It occurred to me recently that one’s personal library truly does tell a story all its own.
While cleaning out two storage units I rent and consolidating them into one, I ended up throwing out a lot of junk. What I didn’t get rid of was books–hundreds of them, stored in cardboard boxes and stacked three-high against the corrugated aluminum walls.
Before my wife and I had our son, we used our third bedroom as a library. It was wall to wall books, the combined collections of two people who spent most of their lives to that point reading. The catalog was eclectic, including everything from Tolkien to Judaism for Dummies. There were shelves of crumbling paperbacks and long runs of pricey, leather-bound special editions. Every book I had purchased from middle school onward was represented in there, somewhere. Together we amassed an impressive collection of non-fiction on the Middle Ages, which still fills up two shelves in our living room, next to a beautiful set of the Harvard Classics bound in crimson leather.
Guests would often come to our house and remark on the titles they’d read on the spines: Salt: A World History, by Mark Kurlansky, or The Man Who Deciphered Linear B: The Story of Michael Ventris by Andrew Robinson. The entirety of the Harry Potter series and A Song of Ice and Fire, in hardcover. An ancient, used set of the works of Plato. Everyday Drinking: The Distilled Kingsley Amis.
We had to put the bulk of it in storage to make room for the baby, which I certainly don’t regret; the trade-off was more than worth it. But there is still, in the back of my mind, the lingering desire to put them all together again someday, to have a true, permanent library, organized as I like it. I would spend days organizing it by subject and author, then police its stacks with fascist vigilance.
Seeing all those old books in their boxes in storage, however, brought to life old memories in an almost Proustian way. There was the French paperback copy of La Philosophie Dans Le Boudoir that I borrowed from a French Literature professor in college and never returned; there, the flaking, yellowed original copy of The Dragonbone Chair that had helped me fall in love with epic fantasy as a middle schooler. Or the tattered paperback loaned to me by a former acquaintance that I never read and refused to search for after we had a falling out, his name and phone number still written on the inside cover. (Never loan books, they say.)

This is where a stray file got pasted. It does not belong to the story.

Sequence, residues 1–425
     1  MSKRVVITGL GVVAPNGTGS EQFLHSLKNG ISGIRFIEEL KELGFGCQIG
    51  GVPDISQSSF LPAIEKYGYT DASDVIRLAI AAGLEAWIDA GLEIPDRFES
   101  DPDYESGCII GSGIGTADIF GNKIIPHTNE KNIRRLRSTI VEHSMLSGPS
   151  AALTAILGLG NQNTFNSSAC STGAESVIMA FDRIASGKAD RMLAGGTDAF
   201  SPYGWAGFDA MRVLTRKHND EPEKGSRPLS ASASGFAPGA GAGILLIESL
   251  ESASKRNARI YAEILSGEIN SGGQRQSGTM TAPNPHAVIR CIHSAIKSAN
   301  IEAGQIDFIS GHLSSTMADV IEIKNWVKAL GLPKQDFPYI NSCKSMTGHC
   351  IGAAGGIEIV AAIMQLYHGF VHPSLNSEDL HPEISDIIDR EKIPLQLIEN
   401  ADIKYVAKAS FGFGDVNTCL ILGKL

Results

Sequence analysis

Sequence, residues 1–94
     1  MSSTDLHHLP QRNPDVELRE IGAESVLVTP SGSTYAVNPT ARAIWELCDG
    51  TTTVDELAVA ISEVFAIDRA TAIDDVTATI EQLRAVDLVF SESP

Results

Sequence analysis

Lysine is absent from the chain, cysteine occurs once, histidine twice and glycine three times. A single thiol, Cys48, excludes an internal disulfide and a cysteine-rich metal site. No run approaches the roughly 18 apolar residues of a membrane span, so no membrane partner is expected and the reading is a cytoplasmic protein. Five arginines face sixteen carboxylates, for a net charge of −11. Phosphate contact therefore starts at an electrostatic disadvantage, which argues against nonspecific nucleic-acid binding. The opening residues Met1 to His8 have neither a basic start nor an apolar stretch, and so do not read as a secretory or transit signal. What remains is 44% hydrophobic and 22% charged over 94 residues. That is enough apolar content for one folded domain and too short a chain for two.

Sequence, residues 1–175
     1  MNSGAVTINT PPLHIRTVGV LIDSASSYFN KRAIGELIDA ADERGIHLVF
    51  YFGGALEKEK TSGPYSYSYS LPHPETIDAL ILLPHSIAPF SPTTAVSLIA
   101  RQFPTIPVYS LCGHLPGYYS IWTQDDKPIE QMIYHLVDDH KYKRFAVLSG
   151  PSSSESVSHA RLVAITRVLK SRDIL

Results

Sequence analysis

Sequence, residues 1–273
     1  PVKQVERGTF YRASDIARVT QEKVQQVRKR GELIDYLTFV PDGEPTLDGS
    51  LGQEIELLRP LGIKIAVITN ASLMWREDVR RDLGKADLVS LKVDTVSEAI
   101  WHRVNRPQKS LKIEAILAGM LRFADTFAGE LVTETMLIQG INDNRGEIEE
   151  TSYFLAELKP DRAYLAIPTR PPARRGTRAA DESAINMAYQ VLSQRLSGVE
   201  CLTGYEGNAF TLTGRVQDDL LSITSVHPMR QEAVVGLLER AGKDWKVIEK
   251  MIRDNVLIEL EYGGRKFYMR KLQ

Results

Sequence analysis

The point is, a book you own tells a story of where you were in your life when you bought it, or borrowed it, or stole it, as it were. And of course, when you read it. It’s like that scene from the film High Fidelity, based on the excellent Nick Hornby novel of the same name (ironically, I can’t remember whether this scene is in the book).
The main character, Rob, is reorganizing his record collection autobiographically, which he illustrates with this example:
“I can tell you how I got from Deep Purple to Howlin’ Wolf in just 25 moves. And if I want to find the song “Landslide” by Fleetwood Mac I have to remember that I bought it for someone in the fall of 1983 pile, but didn’t give it to them for personal reasons.”
It’s that, exactly, that I’m talking about: looking at these objects, these individual collections of thoughts and feelings and ideas, and remembering how they made you think, and feel, and ideate. And if you have enough of them, it tells you the story of your life.
Having a massive collection of books is really the worst kind of egotism, if you think about it. It’s saying, here is my life. Look at it. Appreciate it. Read its headings and titles. See how I represent myself to myself, and to those I invite into my tangible memory palace.